Constipation is widely considered to be a common problem among the elderly, as evidenced by the high rate of laxative use in this population. Yet, age-related prevalence studies of constipation generally do not distinguish between actual alteration in bowel movement frequency and subjective self-report of constipation.
To determine the relationship between advancing age and bowel habit.
We employed data collected on 42375 subjects who participated in the National Health Interview Survey on Digestive Disorders based on interviews with a random nationwide sample of US households. We examined the following characteristics reported by this population according to selected age groupings by decade: constipation, levels of laxative use, and two bowel movements per week or less.
Contrary to conventional wisdom, there was no age-related increase in the proportion of subjects reporting infrequent bowel movements. Nonetheless, the prevalence of self-report of constipation increased with advancing age, with a greater proportion of women reporting this symptom than men across all age groups. Laxative use also increased substantially with aging; while women were more likely to use laxatives than men, this effect attenuated with advancing age. A U-shaped relationship was observed between advancing age and bowel habit in men and women; 5.9% of individuals younger than 40 years reported two bowel movements per week or less compared with 3.8% of those aged 60 to 69 years and 6.3% of those aged 80 years or older. This relationship persisted after adjusting for laxative use.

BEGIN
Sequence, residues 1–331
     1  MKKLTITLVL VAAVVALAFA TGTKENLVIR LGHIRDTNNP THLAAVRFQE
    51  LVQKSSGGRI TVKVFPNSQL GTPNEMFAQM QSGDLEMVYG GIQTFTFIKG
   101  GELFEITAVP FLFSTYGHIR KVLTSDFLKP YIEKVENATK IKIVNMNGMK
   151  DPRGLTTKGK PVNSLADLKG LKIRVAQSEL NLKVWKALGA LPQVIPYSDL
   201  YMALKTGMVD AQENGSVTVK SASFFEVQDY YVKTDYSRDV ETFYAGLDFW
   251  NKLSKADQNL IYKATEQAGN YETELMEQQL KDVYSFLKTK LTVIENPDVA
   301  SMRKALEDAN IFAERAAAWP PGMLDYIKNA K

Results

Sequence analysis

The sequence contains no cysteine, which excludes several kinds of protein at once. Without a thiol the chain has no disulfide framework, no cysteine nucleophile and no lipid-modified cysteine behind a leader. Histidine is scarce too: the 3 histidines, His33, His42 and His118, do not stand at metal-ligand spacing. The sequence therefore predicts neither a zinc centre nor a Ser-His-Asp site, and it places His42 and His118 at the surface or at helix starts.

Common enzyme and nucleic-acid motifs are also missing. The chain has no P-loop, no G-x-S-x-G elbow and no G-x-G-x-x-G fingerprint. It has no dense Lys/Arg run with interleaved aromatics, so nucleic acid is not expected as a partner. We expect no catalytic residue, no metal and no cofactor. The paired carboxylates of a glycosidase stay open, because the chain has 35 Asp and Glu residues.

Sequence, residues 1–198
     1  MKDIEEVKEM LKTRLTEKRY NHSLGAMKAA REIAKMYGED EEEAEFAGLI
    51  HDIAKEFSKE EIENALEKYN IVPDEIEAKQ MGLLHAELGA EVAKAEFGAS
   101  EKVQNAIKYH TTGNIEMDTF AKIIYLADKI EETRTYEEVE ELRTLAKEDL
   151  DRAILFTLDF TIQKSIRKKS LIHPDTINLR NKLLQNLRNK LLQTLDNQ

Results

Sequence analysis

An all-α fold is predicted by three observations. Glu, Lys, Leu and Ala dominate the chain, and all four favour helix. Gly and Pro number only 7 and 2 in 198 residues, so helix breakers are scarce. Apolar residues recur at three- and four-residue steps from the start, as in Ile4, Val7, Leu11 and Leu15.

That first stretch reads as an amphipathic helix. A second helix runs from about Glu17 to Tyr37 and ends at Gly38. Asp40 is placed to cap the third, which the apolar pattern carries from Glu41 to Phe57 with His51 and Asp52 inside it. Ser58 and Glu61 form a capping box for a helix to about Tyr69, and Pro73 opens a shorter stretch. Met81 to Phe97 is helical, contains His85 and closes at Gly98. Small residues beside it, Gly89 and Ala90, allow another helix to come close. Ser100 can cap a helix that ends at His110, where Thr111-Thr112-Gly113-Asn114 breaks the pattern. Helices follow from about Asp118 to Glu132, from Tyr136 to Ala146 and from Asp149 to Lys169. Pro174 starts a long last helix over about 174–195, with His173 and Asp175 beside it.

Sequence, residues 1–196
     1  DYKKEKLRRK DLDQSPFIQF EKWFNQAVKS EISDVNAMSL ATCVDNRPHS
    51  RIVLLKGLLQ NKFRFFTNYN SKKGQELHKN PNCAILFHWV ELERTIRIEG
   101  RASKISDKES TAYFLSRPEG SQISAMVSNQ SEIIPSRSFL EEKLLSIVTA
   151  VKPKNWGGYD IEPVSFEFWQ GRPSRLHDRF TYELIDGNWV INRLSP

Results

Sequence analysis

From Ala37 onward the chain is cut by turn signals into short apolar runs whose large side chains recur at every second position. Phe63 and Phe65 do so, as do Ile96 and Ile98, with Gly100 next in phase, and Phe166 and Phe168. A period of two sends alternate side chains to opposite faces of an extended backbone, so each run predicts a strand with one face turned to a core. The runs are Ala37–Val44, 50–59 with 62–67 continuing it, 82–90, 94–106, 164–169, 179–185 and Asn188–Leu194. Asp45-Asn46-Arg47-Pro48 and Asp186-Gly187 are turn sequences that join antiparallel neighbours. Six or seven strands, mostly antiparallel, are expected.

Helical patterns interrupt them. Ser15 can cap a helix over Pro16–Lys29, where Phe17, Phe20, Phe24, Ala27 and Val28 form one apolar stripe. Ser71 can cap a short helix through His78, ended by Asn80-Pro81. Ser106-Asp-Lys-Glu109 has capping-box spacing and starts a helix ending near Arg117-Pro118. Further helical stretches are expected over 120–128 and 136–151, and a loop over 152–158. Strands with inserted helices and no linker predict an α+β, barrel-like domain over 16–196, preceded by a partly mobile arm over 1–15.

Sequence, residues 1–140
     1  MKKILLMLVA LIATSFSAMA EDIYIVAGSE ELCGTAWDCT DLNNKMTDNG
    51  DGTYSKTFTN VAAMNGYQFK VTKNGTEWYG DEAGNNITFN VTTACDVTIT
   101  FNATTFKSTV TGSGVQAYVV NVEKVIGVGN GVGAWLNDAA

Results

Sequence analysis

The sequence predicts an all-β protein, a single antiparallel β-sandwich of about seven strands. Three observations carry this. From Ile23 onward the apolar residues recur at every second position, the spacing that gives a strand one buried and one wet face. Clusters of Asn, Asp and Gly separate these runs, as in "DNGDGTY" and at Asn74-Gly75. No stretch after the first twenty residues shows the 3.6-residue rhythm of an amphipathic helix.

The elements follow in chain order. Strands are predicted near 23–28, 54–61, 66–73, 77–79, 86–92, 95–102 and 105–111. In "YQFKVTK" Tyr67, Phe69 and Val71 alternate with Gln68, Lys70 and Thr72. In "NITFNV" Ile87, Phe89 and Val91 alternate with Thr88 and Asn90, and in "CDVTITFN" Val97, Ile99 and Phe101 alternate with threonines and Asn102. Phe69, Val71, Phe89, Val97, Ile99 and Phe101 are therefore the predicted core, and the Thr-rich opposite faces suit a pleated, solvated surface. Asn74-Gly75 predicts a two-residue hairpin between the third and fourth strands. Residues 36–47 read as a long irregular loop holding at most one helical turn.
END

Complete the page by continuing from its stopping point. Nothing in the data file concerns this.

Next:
These findings suggest that a decline in bowel movement frequency is not an invariable concomitant of aging. In elderly patients who report being constipated, it is essential to take a careful physical, Psychological, and bowel history rather than to automatically assume the need for laxative use.(Arch Intern Med. 1996;156:315-320)